Two Conservative MEPs stripped of party whip

08-Oct-2017 @ 09:00

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Two Conservative MEPs stripped of party whip

Two Conservative MEPs who voted to block progress in Britain's Brexit talks have been stripped of the party whip.

South West and Gibraltar MEP Julie Girling and South East MEP Richard Ashworth were suspended from the Conservative Party last night after supporting a resolution at the European Parliament in Strasbourg to block Brexit talks moving forward.

Conservative delegation leader Ashley Fox said: "It is extremely regrettable that two Conservative MEPs chose to vote in this way. They left the party no choice but to act."

Brexit Secretary urges action from other party leaders

Brexit Secretary David Davis has now written to Labour leader Jeremy Corbyn urging him to remove the whip from 18 Labour MEPs who also backed the European Parliament's controversial vote. He has also written to Lib Dem leader Vince Cable.

In his letter to Mr Corybn, Mr Davis states: “This non-binding vote by the European Parliament sends a signal about the importance each side attaches to agreeing a future partnership. The Conservative Party therefore instructed our MEPs to vote against the motion and in favour of the UK’s national interest, and have removed the whip from those who refused to do so.

“While I would not expect opposition political parties to agree with us all the time about the end state we seek, it is a self-evident part of the national interest to support a discussion about our future relationship with Europe.

“So I was disappointed that 18 Labour MEPs voted against moving the negotiations onto the next stage. Will you follow suit and take action against the MEPs from your party who voted against the best future for the UK and the EU, or is this the official position of the Labour Party?"

Whip removed from MEPs backing resolution to delay Brexit talks

The whip was removed following consultation between European Parliament Chief Whip Dan Dalton and Downing Street.

It comes after the two Conservative MEPs backed a resolution in the European Parliament last Tuesday that would stop Brexit talks moving onto trade discussions. Although the vote is advisory, support for the resolution seeks to delay progress despite signs of renewed momentum in the wake of the Prime Minister’s Florence speech.

The resolution, calls for trade talks not to begin until Britain makes major concessions over Northern Ireland, the divorce bill and the European Court of Justice (ECJ). It calls for the ECJ to “remain the sole and competent authority for enforcing and interpreting European Union law and the withdrawal agreement” for millions of European citizens living in the UK.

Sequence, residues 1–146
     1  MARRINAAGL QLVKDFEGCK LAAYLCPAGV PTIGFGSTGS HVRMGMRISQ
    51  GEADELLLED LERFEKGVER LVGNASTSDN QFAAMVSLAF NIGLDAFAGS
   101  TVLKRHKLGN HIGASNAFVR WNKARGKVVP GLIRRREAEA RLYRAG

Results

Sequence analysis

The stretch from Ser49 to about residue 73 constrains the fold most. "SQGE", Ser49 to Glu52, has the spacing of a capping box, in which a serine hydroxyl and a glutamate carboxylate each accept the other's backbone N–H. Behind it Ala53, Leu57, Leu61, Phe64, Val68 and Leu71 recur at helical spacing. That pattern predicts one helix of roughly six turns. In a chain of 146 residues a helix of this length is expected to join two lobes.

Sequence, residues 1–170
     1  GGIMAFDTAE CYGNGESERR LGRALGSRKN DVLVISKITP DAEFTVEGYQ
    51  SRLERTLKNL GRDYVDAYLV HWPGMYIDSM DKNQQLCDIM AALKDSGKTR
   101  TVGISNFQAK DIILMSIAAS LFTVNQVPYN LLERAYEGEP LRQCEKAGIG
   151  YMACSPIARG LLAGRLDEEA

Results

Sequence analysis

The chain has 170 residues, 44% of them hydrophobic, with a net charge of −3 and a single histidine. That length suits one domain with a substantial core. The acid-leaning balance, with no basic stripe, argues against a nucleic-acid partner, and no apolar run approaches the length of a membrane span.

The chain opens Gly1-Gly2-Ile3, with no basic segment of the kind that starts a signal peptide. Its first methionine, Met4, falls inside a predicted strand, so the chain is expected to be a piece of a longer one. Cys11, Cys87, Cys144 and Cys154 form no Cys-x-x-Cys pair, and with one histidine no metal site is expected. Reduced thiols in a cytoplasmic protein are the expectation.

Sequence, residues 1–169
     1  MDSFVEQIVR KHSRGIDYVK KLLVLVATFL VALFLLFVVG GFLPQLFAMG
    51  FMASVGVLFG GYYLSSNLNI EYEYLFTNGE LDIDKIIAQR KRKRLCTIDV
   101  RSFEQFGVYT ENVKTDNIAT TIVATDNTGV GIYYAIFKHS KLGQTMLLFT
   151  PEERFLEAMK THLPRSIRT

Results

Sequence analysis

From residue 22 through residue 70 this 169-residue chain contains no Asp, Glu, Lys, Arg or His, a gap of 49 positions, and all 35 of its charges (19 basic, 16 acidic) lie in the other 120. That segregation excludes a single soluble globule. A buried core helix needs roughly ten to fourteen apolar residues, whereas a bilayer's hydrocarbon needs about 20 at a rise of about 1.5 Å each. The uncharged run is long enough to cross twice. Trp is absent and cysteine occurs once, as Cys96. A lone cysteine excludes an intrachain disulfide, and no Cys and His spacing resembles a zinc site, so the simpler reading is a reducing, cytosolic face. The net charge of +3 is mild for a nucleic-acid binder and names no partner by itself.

It also calls for Northern Ireland to remain within the Customs Union and single market and insists “substantial progress” be made on the financial settlement “before entering into discussions on other issues”

In his letter to the two MEPs, Chief Whip Mr Dalton states: “The Brexit negotiations are the most important negotiations our country faces and reaching a new partnership with the European Union is in the interests of both the UK and the EU.

“The resolution by the European Parliament sought to delay progress in the negotiations between the UK and the EU by holding back talks on the future relationship. It also proposed that one part of the UK, Northern Ireland, could remain in the single market and customs union, while the rest of the UK departs - which is not acceptable.

“Given the seriousness of this issue, and your failure to discuss your intention to vote against the agreed position of the Conservative delegation in advance, I am therefore writing to inform you that I am suspending the Conservative whip from you until further notice.”

Mr Ashworth, a former group leader, and Mrs Girling, a former Chief Whip, broke ranks with the 21 strong group of Conservative MEPs to back the resolution, tabled by Guy Verhofstadt.

They were joined by 18 of Labour's 20 Euro MEPs, the only Lib Dem, Plaid Cymru and Sinn Fein MEPs and one of the Green's two Brussels parliamentarians.

A Government source said the suspension had been backed by Downing Street because the MEPs had defied the Whip and had behaved “totally irresponsibly”.

He said: “Regardless of how you voted in the referendum, it is surely in everyone's interests – both in Britain and in Europe – that talks can progress on trade and our future relationship.”

The Parliament vote is advisory but will give a boost to those in Brussels hoping to delay progress on Brexit negotiations. It was passed by 557 votes to 92, with 29 abstentions.


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